All of the chain stores we saw were busy, all through Barcelona and even one in Sitges. The prices were very good for a coffee & donut (under 2 euros), and there seemed to be a mix of both locals and tourists buying the fare.

I have to say I was surprised to see this chain there. Both the coffee and the fare seemed out of place. And yet, it seems to do quite well.

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Coffee at Barcelona Train Station

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My first experience of coffee in Spain was at the Barcelona Sants train station. We were stuck there waiting for a connecting train, so I went to the cafe.


All across Spain, you basically have the same three coffee choices. Café (espresso), Café con Leche (espresso, half and half with milk) either with hot milk or cold milk, and Café Cortado (espresso with only a bit of milk).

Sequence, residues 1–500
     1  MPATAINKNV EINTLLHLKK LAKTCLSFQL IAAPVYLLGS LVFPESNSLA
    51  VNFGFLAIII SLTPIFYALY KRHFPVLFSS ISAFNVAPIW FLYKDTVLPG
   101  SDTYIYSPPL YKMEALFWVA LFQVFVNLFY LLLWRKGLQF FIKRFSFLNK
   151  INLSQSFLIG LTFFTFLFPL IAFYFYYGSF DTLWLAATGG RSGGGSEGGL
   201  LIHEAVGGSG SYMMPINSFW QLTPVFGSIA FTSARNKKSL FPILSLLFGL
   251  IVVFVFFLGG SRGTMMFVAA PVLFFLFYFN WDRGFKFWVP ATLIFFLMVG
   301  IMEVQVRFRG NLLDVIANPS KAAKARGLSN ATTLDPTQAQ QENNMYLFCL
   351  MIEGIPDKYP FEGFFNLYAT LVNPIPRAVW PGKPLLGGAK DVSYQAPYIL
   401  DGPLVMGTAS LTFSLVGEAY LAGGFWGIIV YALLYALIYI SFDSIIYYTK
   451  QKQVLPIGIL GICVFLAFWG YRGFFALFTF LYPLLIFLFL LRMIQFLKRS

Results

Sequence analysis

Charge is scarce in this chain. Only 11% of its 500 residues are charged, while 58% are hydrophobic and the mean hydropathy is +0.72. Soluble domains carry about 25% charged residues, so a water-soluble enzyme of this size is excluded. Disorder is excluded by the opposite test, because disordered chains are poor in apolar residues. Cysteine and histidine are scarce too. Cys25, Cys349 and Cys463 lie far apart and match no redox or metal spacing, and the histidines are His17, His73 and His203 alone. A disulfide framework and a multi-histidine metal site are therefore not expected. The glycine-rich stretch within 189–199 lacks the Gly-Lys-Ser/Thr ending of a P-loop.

I went with the Café con Leche, which is made with whole milk. The whole milk adds a lovely silky richness to the coffee. I actually enjoyed Spanish coffee - it was not as hard of a roast as in Italy or France, and I enjoyed the creamier texture of the whole milk.

Now, I didn’t exactly start off with the ‘best’ place to have coffee in Spain, but I enjoyed it nonetheless!

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Portaflon Portafilter

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The portaflon - a coated portafilter for better tasting espresso.

What is a portafilter?

A portafilter attaches to an espresso machine, and carries a tamped puck of coffee with its coffee basket. It is usually made of brass, and also includes a plastic or wooden handle. The portafilter forms a seal with the espresso machine’s gasket, and directs high-pressure hot water through the coffee puck. - Wikipedia